Front Page Titles (by Subject) TO JAMES MONROE. d. of s. mss. instr. - The Writings, vol. 8 (1808-1819)
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TO JAMES MONROE. d. of s. mss. instr. - James Madison, The Writings, vol. 8 (1808-1819) 
The Writings of James Madison, comprising his Public Papers and his Private Correspondence, including his numerous letters and documents now for the first time printed, ed. Gaillard Hunt (New York: G.P. Putnam’s Sons, 1900). Vol. 8.
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TO JAMES MONROE.d. of s. mss. instr.
Washington, Mar. [Filed March 5] 1817.
Altho’ your personal and official acquaintance with Mr. J. Graham,1 be well known to me, I can not, on the occasion of my final departure from the public service, satisfy myself, without expressing my sense of his great merit.
Mr. Graham, recommended by my knowledge of his public agency abroad, and of his private virtues, was invited into the Department of State, as the chief under the Head of it, whilst the Department was in my hands. It was my wish, more than his own that was gratified by the appointment. And I have always considered it as the effect of an honorable desire to serve his country, combined with his personal & political feelings, that he remained for so long a period, in a station, without the attractions, which could otherwise have detained him in it.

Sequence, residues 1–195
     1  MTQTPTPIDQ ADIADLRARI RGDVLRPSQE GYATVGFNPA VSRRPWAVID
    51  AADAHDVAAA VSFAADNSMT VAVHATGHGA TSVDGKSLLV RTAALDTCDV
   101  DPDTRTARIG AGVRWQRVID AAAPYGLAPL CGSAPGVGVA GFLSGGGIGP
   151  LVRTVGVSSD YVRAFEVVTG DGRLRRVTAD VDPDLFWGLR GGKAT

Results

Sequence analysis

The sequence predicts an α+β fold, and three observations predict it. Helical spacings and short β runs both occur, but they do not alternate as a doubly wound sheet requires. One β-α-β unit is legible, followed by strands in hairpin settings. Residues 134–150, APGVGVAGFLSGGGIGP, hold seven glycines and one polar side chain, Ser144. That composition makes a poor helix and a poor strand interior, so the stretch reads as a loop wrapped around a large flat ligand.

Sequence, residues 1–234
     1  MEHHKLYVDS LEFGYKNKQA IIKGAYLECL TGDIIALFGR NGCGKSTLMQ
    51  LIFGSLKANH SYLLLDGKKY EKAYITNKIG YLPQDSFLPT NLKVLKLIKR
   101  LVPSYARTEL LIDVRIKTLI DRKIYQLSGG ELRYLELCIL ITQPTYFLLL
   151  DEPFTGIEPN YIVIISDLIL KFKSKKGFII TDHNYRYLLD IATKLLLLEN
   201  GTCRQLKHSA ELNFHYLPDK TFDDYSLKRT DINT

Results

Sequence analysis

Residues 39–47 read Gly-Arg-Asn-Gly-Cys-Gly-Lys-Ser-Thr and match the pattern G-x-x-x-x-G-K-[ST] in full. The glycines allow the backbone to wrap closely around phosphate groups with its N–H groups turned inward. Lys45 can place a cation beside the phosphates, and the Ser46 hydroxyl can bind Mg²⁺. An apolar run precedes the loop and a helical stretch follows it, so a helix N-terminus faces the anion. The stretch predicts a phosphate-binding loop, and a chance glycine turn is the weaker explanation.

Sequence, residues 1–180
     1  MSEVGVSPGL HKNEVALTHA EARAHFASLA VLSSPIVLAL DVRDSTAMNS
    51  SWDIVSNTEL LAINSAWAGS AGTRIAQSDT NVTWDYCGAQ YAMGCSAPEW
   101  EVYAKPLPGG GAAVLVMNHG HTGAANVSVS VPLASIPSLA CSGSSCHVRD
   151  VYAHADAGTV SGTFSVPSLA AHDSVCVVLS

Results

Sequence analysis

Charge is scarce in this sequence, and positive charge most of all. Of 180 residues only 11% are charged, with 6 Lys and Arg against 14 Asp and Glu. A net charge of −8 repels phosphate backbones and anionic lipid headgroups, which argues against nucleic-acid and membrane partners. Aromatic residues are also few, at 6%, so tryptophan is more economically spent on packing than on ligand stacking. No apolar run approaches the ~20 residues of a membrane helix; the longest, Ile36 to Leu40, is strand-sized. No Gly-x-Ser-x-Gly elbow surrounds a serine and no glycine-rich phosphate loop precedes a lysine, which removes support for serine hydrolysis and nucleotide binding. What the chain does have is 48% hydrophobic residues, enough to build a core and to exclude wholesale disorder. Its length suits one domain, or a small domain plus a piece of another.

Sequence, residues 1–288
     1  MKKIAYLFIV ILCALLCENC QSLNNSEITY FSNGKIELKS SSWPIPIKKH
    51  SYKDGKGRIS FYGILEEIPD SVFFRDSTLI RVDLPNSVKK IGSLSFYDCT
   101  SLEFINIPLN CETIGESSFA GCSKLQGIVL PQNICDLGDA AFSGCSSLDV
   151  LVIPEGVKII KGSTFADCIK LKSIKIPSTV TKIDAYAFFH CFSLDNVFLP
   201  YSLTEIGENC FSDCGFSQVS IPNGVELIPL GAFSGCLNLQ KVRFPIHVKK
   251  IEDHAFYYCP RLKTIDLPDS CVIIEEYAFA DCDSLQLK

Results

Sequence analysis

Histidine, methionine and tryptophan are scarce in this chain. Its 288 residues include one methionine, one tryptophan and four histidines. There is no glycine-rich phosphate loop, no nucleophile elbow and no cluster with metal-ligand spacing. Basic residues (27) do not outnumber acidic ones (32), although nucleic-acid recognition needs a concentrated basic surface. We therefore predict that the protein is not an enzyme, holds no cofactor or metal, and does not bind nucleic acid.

On these grounds, & from continued & varied opportunities of being intimately acquainted with Mr. Graham, I not only take a pleasure, but feel an obligation, in saying that I regard him as among the most worthy of men, and most estimable of citizens; as adding to a sound & discriminating judgment, a valuable stock of acquirements adapted to public affairs; and to both, a purity of character, a delicacy of sentiment, and an amenity of temper & manners, exceeded in no instance to which I could refer.
With this view of his capacity to be useful to his country and the principles guarantying a proper exertion of it, I can not but hope that suitable occasions may present themselves for preventing a loss to the public of the services of a citizen, so highly entitled to its confidence.
With the highest consideration & regard, I remain Yours.
[1 ]This letter, probably handed to Graham just before Madison left the Presidency, was one of the few letters of recommendation for office written by Madison. Soon after his return to Montpelier he had the following circular letter printed: